I came across a tweet saying: “We went through all that just to be strangers again,” and that spoke volumes, but it echoed vindication instead of regret.
I found myself looking back, contemplating if we made the right decision. On the one hand, my heart was settled at yes, we are where we are supposed to be and on the other hand, my mind screamed you knew better from day one, but you blew it— okay, maybe not day one, maybe I knew better from day one hundred and two and yet brushed it off.
Imagine making a series of conscious decisions of choosing that person regardless. A relationship of blunt toxicity but constant mending. We were okay with it because we knew, in the end, we would choose each other. But what happens when you’re no longer certain that it will always be you in the end? What happens when we get tired of the relentless arguments? What happens when the normalcy of tolerance stops?
And when these thoughts flood in, this is when you start to think what really is your end in mind. Is it just to be together or to be better?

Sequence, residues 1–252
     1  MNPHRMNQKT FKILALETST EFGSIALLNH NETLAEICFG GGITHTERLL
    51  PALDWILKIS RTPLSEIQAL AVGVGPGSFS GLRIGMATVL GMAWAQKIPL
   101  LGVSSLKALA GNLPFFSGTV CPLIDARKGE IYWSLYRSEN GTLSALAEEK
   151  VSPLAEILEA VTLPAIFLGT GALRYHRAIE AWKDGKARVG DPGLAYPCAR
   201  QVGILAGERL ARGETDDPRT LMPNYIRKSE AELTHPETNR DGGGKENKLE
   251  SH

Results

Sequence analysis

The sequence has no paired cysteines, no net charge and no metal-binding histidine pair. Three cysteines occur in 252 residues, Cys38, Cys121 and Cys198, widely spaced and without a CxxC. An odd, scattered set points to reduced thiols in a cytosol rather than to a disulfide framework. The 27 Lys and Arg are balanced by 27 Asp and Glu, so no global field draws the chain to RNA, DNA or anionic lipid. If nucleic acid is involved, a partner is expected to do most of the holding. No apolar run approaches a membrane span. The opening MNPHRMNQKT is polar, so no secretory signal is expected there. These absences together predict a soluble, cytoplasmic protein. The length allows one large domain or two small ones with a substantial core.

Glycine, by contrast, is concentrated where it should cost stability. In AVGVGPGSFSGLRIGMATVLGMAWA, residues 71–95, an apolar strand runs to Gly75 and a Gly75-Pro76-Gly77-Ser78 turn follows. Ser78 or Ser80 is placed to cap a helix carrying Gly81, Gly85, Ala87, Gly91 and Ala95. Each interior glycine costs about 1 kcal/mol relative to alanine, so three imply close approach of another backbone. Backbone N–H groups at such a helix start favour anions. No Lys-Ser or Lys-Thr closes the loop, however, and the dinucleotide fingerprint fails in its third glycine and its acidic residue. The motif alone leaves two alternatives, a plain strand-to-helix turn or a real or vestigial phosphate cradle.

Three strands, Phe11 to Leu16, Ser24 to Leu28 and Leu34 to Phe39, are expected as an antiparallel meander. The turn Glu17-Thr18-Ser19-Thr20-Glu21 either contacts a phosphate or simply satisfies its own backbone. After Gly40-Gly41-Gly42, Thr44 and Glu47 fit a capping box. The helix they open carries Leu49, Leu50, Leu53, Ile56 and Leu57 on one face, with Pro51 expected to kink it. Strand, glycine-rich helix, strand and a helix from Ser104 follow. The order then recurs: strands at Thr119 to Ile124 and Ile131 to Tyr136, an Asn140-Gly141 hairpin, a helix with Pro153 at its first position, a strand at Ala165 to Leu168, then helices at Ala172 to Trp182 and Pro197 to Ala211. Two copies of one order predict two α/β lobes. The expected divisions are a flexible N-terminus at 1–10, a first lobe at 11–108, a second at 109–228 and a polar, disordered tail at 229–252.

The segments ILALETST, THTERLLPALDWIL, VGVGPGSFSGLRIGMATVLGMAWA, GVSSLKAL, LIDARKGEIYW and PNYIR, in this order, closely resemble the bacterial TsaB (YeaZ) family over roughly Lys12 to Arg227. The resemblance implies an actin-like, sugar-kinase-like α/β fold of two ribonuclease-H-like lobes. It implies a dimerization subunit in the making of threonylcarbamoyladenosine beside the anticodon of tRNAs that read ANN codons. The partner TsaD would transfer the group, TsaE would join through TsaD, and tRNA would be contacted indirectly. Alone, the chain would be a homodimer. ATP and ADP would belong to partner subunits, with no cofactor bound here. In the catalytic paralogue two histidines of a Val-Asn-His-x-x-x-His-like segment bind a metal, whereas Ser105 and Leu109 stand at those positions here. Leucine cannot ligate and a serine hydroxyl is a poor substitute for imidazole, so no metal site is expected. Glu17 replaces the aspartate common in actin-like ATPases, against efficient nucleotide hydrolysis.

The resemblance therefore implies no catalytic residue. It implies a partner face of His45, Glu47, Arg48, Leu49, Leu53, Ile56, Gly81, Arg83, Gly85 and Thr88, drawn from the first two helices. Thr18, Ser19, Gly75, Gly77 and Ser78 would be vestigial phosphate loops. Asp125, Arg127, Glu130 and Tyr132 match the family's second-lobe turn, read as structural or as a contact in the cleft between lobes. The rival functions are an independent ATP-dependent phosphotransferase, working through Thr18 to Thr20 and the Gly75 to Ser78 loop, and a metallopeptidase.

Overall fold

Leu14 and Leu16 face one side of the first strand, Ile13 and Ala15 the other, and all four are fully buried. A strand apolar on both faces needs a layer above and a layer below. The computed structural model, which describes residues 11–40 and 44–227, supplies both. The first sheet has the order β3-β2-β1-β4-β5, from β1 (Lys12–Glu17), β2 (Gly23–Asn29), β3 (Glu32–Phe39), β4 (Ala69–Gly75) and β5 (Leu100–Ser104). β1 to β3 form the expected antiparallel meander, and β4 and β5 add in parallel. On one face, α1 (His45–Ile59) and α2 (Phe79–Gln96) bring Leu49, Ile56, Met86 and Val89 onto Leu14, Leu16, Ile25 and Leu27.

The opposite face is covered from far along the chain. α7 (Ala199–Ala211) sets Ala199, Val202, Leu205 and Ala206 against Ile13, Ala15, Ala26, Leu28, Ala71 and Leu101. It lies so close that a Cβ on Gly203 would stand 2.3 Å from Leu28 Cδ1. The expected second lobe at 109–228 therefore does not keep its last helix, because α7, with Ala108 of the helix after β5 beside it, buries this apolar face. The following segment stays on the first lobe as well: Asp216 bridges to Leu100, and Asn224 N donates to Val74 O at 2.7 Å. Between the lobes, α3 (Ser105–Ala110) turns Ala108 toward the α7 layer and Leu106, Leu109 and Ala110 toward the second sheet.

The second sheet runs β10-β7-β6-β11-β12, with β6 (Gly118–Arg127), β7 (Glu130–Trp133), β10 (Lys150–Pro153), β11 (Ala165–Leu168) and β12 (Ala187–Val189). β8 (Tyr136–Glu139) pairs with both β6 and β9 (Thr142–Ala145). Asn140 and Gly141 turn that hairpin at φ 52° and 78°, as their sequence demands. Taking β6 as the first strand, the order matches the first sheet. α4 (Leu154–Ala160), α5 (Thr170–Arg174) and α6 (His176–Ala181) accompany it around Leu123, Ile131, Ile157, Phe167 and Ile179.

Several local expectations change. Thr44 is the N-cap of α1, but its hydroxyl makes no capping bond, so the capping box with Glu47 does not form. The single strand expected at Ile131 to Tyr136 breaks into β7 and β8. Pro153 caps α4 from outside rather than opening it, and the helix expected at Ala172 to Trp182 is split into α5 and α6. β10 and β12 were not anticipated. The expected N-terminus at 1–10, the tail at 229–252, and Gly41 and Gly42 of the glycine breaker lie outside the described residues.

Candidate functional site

Yes— it takes you, the whole of you, to acknowledge that perhaps you are just settling to stay together without considering how else it affects you two. You can choose to work on it, but you have to know that it took two people to break the relationship and that it would take two people again to build it back. Isn’t this what a relationship should be all about? Building each other up unceasingly and not bringing each other down?
Surely, you’ll find yourself having second thoughts considering that you went all through that just to be strangers again, but maybe we are misinterpreting what we’re faced at when actually we’ve lost touch and stopped growing that in fact, we’re strangers again because we went through all that.